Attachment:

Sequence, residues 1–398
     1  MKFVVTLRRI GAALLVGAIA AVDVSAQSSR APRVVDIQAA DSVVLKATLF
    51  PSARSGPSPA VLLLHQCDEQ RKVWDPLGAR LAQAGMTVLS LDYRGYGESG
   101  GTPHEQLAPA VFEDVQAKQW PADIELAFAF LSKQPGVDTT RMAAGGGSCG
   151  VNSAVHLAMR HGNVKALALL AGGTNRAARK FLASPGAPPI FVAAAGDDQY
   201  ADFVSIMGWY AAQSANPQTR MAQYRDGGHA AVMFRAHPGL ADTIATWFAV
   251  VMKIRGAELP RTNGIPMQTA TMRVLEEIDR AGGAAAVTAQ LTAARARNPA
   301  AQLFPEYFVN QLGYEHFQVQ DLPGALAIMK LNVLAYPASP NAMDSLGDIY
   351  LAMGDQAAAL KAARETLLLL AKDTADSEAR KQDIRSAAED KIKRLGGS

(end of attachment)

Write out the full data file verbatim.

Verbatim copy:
Sequence, residues 1–398
     1  MKFVVTLRRI GAALLVGAIA AVDVSAQSSR APRVVDIQAA DSVVLKATLF
    51  PSARSGPSPA VLLLHQCDEQ RKVWDPLGAR LAQAGMTVLS LDYRGYGESG
   101  GTPHEQLAPA VFEDVQAKQW PADIELAFAF LSKQPGVDTT RMAAGGGSCG
   151  VNSAVHLAMR HGNVKALALL AGGTNRAARK FLASPGAPPI FVAAAGDDQY
   201  ADFVSIMGWY AAQSANPQTR MAQYRDGGHA AVMFRAHPGL ADTIATWFAV
   251  VMKIRGAELP RTNGIPMQTA TMRVLEEIDR AGGAAAVTAQ LTAARARNPA
   301  AQLFPEYFVN QLGYEHFQVQ DLPGALAIMK LNVLAYPASP NAMDSLGDIY
   351  LAMGDQAAAL KAARETLLLL AKDTADSEAR KQDIRSAAED KIKRLGGS